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news: Understanding Choice - The Battle for Sustainability

The car industry spends a small fortune, actually maybe it’s a large fortune, on understanding the people that buy its cars. This includes the choices they make and the relationship between those choices and the individual’s comfort, stress, convenience, status and self-esteem. Yes, cost is part of the decision-making process, but the dangle of a golden carrot can ensure that even those that find it difficult to afford such fine fare can find the money to buy the car to make their dreams come true (or so they believe!).

The increasing guilt of emissions is being successfully managed by the car industry where it feels like you can now actually save the planet by spending, even more, on a car that is electric…however it’s still a big heavy metal box that spends 90% of its time not moving and when it is moving (on average) it holds less than 2 people. Within our consumer-led aspirational society the car hits all the buttons and the sustainable transport advocates cower in the shadows as the big boys and girls take over the playground!

For us transport planners, choice is part of our vocabulary. Traditionally our approach has been to assume that people’s decision making around how they travel has been cost-based, both direct and in-direct cost included. This assumption appears supported when noting that cost of living increases have almost always led to a (temporary) change in how people travel. However, this is not an across the board reaction, but limited to those that have most acute cost sensitivity. The market for travel is wide, in fact its everyone, and the largest travel market, only 491 in every 1,000 people own some form of motorised transport in the UK (2019), are captive to non-car options.

Freight Traffic

When we talk about influencing travel behaviour to choose more environmentally sustainable modes we are not talking about the captive market. We may be talking about the marginal, most cost sensitive, market but importantly we must also consider those who have become entrenched in car travel and those being seduced by the allure of the car industry. In an affluent society cost is increasingly not the most important factor influencing how people travel. If the playground is to be reclaimed from the car, it is not the most cost sensitive that should be targeted, but those with more freedom to determine where their income is being spent that will lead the reclaiming of ground.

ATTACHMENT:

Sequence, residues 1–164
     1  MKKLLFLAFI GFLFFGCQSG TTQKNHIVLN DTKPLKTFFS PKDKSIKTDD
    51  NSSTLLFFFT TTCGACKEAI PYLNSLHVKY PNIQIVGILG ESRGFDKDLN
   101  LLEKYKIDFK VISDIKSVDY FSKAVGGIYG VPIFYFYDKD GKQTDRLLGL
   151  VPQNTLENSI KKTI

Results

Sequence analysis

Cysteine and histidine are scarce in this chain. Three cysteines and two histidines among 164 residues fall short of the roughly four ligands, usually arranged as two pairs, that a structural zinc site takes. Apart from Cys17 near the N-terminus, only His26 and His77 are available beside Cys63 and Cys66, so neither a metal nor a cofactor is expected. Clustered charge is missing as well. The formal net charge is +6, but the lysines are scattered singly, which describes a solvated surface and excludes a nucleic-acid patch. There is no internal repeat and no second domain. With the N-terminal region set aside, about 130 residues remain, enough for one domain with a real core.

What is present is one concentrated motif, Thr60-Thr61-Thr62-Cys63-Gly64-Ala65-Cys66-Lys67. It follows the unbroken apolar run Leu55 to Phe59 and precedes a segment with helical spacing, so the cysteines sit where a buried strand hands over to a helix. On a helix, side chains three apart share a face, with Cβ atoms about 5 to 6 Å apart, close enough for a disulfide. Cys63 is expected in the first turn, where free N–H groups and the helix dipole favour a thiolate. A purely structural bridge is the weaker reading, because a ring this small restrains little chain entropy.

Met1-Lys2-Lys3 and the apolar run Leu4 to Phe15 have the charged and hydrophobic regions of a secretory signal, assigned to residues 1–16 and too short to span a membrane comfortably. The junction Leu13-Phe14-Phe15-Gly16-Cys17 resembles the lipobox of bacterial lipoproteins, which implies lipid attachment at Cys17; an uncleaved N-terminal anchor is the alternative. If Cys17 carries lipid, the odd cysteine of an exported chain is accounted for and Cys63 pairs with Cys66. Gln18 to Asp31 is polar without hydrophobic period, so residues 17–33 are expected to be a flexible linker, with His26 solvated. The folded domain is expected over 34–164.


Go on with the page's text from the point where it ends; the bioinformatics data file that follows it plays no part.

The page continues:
Steve Stradling’s excellent work in ‘Changing individual travel behaviour’, highlighted the importance of stress in decision making. To summarise, someone with the power of choice, will naturally seek to minimise the physical stress, the cognitive stress, and the affective stress they attribute to the choices available to them. In all instances, certainly in the Western World, the car wins!

Gustavo Petro quote

So, in these times of environmental consciousness and city-based policies that emphasise non-motorised modes and public transport, should we not be looking far more carefully at how people are making choices. Designing systems, not just vehicles, that meet those needs whilst remembering those needs relate to psychological as well as practical and financial needs.

Einstein famously said, “if he had one hour to save the world he would spend fifty-five minutes defining the problem and only five minutes finding the solution””. Yes, we often feel we know the problem, but just how much do we understand the behaviour that is creating the problem, and when we enter that playground battle, are we as well equipped as our opponents. If in fact we were as well equipped, then maybe the future playground might be full of people and not dominated by metal boxes with their humans hiding inside with the satisfied grins of a choice both well made and apparently endorsed by society??


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